With multi-year anguish, confusion and nervousness regarding bonds, this article by Paul Merriman looks to be spot on: Bonds: Buy, sell or hold? - MarketWatch
He says what you should do is determined by the three reasons individuals own bonds:
First , the traditional reason is to collect interest. When you buy a bond, in effect you loan money to a company or government entity in return for a promise to pay a given rate of interest for a fixed period. At the end of that time, you'll get your money back.
Second , the reason that I advocate owning bonds (bond funds, actually), is to reduce the risks of owning a portfolio of stock funds. Bond prices are less volatile than stock prices, and often their prices trend in opposite directions.
Third , you can own bonds because you want to make a profit by buying them at low prices and selling them when their prices are higher. This is a perfectly sensible reason to own any investment.
Based on the above, his advice on what to do with bonds now:
One: If what you want from bonds is to collect interest, and if the interest you are receiving is sufficient for your needs, then you probably shouldn't do anything. Sit tight. Bond prices in the secondary market won't affect the interest you collect. If you sell your bonds, your interest payments will stop, defeating your purpose.
Two: If what you want from bonds is to stabilize an overall portfolio, then you would also defeat your purpose by selling bonds. In this case, the bonds can do their job for you only if you own them. You want their prices to move up and down, like the ebb and flow of a tide, to provide stability. (And you'll get some income along the way as well.)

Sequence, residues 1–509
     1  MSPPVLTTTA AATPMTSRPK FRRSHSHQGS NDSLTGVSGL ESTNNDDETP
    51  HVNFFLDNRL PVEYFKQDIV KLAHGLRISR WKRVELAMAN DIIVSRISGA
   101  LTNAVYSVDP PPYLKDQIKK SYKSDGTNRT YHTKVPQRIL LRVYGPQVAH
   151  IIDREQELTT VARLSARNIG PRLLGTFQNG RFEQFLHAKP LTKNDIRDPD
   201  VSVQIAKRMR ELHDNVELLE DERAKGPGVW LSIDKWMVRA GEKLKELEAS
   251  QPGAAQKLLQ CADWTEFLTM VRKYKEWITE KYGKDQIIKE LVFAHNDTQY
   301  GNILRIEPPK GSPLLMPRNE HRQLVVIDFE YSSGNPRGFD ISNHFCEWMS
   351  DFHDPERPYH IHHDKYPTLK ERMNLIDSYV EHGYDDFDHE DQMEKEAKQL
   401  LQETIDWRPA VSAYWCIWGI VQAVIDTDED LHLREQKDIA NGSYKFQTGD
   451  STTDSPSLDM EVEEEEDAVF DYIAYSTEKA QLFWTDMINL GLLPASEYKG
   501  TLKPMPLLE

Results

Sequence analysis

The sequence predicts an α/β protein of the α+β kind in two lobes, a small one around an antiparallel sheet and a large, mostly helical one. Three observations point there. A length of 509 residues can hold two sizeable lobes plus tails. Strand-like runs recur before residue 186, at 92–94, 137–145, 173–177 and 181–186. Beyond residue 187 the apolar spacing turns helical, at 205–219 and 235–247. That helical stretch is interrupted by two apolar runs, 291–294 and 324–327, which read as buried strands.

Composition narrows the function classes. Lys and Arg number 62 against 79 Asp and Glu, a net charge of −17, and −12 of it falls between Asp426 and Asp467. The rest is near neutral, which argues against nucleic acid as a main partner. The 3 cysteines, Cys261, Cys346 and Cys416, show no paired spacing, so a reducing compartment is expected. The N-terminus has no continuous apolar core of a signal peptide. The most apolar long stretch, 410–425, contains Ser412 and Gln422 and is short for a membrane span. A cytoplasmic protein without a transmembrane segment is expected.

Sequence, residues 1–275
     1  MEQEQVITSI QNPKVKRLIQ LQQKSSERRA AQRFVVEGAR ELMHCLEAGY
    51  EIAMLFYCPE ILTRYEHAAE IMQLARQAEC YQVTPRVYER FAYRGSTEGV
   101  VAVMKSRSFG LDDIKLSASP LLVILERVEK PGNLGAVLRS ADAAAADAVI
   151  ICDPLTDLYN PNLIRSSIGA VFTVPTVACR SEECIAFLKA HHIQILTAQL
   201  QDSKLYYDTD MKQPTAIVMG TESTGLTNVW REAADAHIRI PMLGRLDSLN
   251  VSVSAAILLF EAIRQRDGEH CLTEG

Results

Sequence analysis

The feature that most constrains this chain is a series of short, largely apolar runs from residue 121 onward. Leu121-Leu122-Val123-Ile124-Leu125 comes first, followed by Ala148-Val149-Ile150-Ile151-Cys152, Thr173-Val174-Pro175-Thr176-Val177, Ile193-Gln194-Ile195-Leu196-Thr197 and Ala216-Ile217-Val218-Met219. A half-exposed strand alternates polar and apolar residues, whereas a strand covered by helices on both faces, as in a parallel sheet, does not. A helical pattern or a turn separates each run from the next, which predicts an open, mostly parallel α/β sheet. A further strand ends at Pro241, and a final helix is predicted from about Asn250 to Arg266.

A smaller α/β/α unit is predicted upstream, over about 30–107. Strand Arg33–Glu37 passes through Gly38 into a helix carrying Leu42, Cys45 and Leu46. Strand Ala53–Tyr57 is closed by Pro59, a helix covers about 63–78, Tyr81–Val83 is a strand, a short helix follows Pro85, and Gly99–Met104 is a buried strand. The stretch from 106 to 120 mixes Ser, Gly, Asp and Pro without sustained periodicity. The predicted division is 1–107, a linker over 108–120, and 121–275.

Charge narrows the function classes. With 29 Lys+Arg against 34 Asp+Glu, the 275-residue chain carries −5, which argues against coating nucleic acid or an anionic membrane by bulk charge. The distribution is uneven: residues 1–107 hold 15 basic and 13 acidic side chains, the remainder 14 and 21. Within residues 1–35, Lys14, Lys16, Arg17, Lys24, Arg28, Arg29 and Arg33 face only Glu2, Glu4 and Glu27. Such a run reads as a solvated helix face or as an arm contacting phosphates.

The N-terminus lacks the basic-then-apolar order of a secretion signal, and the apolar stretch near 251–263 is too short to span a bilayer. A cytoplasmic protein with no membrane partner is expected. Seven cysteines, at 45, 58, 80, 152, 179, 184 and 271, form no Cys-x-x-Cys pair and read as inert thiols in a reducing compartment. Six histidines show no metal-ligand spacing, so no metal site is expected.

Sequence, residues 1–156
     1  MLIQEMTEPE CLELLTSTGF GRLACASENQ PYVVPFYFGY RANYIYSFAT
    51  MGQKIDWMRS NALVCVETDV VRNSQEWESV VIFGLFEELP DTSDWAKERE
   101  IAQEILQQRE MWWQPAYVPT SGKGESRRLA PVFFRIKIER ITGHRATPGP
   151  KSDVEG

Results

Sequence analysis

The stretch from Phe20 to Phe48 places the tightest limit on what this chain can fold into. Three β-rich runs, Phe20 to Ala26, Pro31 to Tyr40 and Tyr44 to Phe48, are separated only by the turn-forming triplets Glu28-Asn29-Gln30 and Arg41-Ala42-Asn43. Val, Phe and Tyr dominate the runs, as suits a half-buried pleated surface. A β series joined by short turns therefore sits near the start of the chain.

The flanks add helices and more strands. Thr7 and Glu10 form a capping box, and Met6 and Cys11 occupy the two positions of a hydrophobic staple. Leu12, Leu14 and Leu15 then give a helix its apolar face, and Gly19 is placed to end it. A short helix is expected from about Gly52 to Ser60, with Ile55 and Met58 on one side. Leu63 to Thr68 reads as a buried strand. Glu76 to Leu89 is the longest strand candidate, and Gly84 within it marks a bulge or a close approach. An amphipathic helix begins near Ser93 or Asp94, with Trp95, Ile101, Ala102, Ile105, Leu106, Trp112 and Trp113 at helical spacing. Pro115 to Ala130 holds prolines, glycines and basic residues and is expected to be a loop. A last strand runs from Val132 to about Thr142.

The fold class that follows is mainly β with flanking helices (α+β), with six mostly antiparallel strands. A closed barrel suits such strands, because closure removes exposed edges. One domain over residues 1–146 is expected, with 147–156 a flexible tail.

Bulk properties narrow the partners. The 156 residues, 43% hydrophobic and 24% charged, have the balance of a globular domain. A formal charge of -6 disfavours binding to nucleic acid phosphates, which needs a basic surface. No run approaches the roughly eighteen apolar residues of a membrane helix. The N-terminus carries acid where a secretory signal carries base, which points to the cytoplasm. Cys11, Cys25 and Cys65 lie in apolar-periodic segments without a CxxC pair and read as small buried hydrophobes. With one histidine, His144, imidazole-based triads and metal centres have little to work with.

Investors who want to use bond funds to stabilize their portfolios may need to buy or sell them from time to time to fine-tune the amount of risk in their portfolios. But this is usually determined by factors other than near-term expectations for bond prices.
Three: If what you want from bonds is to make a profit by buying low and selling high, then you should sell when the prices are relatively high and buy when they are relatively low. Right now it's hard to make a case that interest rates will go much lower (which would lead to higher prices). So if your motive is capital gains, this might be a time to sell – depending of course on what you paid for them.
The problem is, few of us own bonds for only one of the above reasons, and this conflict results in
multiple threads and hundreds of posts
widely differing opinions.
Me, I'm definitely a One and Two guy, so I'm holding on to my Wellington and Wellesly held bond funds.